Ann Elizabeth Carter grew up in the segregated Atlanta of the 1920s and 1930s, part of the black privileged class, the much-loved daughter of a doctor, and the granddaughter of a slave. She was a charming, confident young woman with a well-planned life ahead of her.Then she upset all those plans when she fell in love. It was 1942 and Robert Metcalf was a member of the first black unit in the Army Air Corps, stationed at Tuskegee, Alabama.
For the first time, she left her sheltered life in Atlanta to marry Rob. For the first time, she had to learn what it really meant to be a black woman in 20th-century America.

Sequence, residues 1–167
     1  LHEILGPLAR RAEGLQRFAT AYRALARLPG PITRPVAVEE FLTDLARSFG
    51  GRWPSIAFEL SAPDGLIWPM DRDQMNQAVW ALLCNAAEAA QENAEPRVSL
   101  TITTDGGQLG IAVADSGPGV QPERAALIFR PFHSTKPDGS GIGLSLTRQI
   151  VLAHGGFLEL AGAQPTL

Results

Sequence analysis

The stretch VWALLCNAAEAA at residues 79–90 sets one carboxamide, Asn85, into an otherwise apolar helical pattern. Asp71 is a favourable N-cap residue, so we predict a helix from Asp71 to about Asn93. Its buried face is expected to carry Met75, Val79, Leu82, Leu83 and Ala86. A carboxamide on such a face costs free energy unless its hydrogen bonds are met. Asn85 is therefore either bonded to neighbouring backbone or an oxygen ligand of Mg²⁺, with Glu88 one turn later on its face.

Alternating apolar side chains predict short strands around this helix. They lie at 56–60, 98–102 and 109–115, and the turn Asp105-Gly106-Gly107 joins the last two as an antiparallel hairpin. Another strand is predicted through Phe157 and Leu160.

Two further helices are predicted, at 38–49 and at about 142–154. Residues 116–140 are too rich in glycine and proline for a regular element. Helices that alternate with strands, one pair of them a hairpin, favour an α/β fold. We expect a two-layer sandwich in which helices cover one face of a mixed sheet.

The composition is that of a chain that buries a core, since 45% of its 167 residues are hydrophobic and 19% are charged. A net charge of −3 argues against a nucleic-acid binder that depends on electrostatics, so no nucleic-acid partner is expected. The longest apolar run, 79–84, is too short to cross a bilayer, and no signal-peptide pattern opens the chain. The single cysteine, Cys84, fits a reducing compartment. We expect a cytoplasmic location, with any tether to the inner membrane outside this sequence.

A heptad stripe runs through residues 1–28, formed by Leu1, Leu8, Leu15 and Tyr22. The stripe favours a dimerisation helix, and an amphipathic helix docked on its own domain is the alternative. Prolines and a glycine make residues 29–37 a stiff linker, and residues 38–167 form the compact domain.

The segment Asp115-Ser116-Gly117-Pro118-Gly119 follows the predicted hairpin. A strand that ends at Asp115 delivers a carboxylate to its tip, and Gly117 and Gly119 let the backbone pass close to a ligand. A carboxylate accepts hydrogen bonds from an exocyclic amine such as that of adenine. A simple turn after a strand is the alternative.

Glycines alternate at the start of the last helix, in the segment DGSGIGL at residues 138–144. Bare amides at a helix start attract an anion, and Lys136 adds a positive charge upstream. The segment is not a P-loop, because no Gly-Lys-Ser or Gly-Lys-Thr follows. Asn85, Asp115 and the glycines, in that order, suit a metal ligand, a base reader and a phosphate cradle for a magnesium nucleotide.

During the decades that followed, Ann Elizabeth's life, and her marriage, were shaped by the changes that shook the country, that redefined it. During those decades, she learned the truth of a lifetime. You have to guard the love you find, and overcome the hate that finds you.
©2000 Eva Rutland; All rights reserved including the right of reproduction in whole or in part in any form. This edition is published by arrangement with Harlequin Books S.A. All characters in this book are fictitious. Any resemblance to actual persons, living or dead, is purely coincidental.